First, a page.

We’re pleased to have been partners in #PolicingthePandemic, a youth-led study giving 3941 young people a say on policing during lockdown. We’ll be working hard to ensure their voices are heard.
Young people across England and Wales express views on policing during the pandemic
Concerns about racial disproportionality, the over-policing of poor communities, and the unfair criminalisation of young people are among the concerns raised by young people in the Policing the Pandemic report, launched by youth social enterprise Leaders Unlocked.
A youth-led study conducted with 3,941 13-25 year olds across England and Wales between May and June 2020, Policing the Pandemic has been driven by young leaders who are dedicated to influencing positive change in the policing and justice systems.
Launching on Wednesday 15th July, Policing the Pandemic features insights and direct quotations from young people about their experiences of policing and crime during lockdown. It also features 11 recommendations for change that have been devised by the young leaders involved in the study.
Some of the messages in the report are:
Lack of clear information and consistency: Young people feel there has been a failure by government to give clear information, which makes policing harder. There has been real inconsistency between police forces. Young people in many areas have noticed an increase in police patrols, but a lack of active engagement. Racial disproportionality is a key concern, as is age discrimination and the over policing of poor communities.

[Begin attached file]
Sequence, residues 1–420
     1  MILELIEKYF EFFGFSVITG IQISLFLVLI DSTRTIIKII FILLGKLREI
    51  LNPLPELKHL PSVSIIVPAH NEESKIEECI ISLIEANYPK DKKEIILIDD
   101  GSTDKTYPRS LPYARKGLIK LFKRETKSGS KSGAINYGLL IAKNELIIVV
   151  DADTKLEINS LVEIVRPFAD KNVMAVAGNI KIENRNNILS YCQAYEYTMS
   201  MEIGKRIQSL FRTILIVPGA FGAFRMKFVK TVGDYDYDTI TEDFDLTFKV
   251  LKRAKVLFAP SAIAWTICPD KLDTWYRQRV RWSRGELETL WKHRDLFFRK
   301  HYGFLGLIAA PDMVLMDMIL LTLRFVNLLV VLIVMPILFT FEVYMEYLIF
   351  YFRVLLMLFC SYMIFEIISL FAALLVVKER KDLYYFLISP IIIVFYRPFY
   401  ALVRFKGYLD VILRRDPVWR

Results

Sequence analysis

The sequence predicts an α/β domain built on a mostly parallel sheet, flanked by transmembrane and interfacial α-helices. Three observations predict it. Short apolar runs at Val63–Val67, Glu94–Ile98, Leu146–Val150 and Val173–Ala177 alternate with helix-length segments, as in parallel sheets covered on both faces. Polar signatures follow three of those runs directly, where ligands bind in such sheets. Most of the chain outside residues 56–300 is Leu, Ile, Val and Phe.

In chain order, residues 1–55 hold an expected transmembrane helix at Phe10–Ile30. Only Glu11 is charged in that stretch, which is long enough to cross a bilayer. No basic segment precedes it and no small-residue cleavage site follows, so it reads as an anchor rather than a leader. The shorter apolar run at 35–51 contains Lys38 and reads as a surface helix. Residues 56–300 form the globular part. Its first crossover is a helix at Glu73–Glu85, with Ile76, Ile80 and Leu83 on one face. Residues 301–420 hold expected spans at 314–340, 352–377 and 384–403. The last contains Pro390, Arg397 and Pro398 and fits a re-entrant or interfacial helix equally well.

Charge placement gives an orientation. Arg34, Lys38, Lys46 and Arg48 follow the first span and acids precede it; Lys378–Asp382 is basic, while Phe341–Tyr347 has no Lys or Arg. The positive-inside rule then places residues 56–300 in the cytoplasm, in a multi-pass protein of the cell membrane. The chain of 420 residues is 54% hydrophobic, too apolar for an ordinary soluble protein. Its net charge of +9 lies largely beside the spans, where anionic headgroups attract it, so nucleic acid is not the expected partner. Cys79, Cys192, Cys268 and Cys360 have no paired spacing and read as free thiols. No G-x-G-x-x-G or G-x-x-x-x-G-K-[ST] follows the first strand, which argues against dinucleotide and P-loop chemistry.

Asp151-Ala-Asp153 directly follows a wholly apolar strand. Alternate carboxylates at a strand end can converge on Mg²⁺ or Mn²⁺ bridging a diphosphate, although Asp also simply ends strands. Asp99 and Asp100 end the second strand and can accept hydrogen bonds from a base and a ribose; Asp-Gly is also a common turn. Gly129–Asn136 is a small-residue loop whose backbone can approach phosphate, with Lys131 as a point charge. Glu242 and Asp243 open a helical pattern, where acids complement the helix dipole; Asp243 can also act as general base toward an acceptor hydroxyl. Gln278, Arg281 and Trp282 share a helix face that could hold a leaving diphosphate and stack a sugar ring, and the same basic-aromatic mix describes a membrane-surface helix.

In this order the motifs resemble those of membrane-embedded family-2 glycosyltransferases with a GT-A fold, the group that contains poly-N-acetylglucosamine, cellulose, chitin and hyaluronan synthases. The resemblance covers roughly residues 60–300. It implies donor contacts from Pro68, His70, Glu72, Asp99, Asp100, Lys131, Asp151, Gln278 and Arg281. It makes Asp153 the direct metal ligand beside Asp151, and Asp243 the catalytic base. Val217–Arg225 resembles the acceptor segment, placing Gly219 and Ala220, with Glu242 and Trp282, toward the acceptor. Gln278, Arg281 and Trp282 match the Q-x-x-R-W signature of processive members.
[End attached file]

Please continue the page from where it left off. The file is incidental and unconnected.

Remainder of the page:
We found positive examples of community engagement in some areas. However, when being stopped or dispersed, many young people felt the rules were not made clear to them. Many said they experienced intimidation and aggression. Stop and search has been seen as opportunistic and ‘point scoring’. There is a concern the police may be over-reaching their powers.
Less crime, but some felt less safe:
Young people feel that crime has decreased, but think this is a temporary trend. More than one in ten young people felt less safe due to lockdown. Many young people have not felt mentally well as this time, and some have been in unsafe homes. These factors may have caused young people to leave the house and break the lockdown rules.
Policing needs to be fairer:
The report’s 11 recommendations include calling for the police to take a clearer stance on Black Lives Matter and police brutality. Young people have recommended that there should be new police training on racial bias and vulnerability. They have also called for proper scrutiny of the arrests, fines and searches that have taken place over this period to address concerns about the potential for young people to be unnecessarily criminalised.
Rose Dowling of Leaders Unlocked said:
“This important piece of work has elevated the voices of nearly 4000 young people during lockdown. We are enormously grateful to all the young leaders and partner organisations who have helped us to reach young people in so many different communities of England and Wales. We also value the support of the National Police Chiefs Council, and we look forward to further collaboration to ensure that this research leads to real change.”Rose Dowling of Leaders Unlocked